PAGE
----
In some cases, the stage will need to be worth $200,000 for your client to get a bit shaky about getting a big bill. In others, if it’s a smaller client, they’ll get shaky at about $12,000. It’s a matter of scale. In both cases, the handy thing would be to have a projected term of the respective stages of work and just divide the fee by the number of months. ‘I’ll bill you $10,000 a month for the next 10 months for that $100,000 fee, as opposed to giving you a $30,000 bill, and a $52,000 bill, and a $18,000 bill!’

Right? If you bill in the latter fashion, two of those three bills will cause a heart murmur on the part of your client. Guaranteed. So, you have to be able to forecast your expectations of revenue (or cashflow, if you prefer that term) in some detail, and that forecasting has to be able to respond to the changes that happen with your project as it goes along.

The vital link between planning and forecasting

So, if your project (or a particular stage of it) suddenly gets pushed back for a couple of months, for whatever reason, or in fact, if it gets brought forward — your forecasting has to be able to adapt to that change. And that means those two systems have to be interlinked. If you’ve got your forecasting in one Excel spreadsheet and you’ve got your project planning in Microsoft Project, you’re kind of screwed.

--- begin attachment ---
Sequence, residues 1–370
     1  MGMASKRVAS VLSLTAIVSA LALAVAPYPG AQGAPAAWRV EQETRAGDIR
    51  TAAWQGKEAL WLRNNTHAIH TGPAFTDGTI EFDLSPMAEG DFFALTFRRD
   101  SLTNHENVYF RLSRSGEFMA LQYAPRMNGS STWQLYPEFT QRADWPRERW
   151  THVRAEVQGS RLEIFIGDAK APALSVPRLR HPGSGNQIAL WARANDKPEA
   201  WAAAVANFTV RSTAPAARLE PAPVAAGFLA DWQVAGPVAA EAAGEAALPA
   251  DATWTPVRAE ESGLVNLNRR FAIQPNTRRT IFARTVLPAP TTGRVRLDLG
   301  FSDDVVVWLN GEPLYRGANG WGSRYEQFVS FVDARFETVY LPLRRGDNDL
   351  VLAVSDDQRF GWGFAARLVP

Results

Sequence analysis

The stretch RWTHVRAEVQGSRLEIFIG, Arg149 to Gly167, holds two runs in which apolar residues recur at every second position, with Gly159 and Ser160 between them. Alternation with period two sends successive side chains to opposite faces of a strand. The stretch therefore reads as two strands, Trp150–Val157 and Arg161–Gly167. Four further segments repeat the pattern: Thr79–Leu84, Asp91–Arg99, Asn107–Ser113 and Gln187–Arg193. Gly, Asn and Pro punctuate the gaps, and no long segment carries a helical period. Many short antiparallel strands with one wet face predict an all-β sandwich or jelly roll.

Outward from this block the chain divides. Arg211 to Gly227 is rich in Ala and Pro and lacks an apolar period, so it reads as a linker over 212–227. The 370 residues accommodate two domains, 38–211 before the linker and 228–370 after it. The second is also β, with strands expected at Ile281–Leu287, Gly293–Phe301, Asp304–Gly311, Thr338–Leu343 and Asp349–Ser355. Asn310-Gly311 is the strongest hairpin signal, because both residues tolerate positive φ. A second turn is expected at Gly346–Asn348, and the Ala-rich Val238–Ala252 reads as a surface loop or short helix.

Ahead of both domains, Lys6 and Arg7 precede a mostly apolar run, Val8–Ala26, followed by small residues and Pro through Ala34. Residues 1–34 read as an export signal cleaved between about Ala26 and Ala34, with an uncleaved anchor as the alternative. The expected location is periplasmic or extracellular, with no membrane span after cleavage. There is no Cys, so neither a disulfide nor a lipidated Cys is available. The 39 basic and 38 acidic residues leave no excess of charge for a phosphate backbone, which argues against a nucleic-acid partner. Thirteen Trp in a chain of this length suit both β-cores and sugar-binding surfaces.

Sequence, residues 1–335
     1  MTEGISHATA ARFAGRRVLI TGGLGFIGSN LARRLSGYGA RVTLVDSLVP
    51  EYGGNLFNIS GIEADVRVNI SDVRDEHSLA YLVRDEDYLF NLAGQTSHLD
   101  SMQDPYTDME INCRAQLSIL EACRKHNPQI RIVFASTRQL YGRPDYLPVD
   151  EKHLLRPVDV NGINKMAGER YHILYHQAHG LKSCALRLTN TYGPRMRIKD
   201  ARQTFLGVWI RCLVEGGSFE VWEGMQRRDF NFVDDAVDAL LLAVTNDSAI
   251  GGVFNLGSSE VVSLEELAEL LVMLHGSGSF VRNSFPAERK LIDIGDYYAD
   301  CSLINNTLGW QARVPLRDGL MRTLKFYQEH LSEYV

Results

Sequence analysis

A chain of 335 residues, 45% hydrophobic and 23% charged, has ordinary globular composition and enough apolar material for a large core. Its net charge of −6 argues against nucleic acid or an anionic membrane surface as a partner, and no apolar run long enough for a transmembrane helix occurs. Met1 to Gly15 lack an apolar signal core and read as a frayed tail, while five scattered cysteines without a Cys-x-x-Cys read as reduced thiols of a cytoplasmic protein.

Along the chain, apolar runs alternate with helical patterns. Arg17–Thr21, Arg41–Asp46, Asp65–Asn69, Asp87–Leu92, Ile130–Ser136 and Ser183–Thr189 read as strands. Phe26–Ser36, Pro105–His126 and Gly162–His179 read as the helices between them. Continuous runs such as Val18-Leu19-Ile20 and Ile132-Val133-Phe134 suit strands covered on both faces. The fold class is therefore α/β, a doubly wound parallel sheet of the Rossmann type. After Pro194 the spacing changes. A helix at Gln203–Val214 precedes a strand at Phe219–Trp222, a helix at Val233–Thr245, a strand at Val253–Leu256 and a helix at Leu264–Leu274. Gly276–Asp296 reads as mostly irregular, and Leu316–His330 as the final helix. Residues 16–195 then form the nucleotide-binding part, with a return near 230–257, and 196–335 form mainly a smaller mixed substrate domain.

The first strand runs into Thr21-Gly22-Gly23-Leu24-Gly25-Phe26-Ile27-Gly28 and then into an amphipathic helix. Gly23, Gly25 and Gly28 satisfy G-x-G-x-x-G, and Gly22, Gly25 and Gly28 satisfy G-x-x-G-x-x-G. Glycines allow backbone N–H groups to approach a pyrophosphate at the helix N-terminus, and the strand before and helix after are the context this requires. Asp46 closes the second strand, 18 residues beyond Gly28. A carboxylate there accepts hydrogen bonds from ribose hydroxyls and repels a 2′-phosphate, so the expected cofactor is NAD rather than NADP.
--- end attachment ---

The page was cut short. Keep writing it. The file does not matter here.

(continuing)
It’s also important, from a planning point of view, to get both macro and micro views. In the previous whitepaper, when we were talking about the whole portfolio, that was a very macro look at what’s happening with your company. You also need the ability to be able to drill into one of those jobs and plan with much more detail where it’s efficient to do so, right?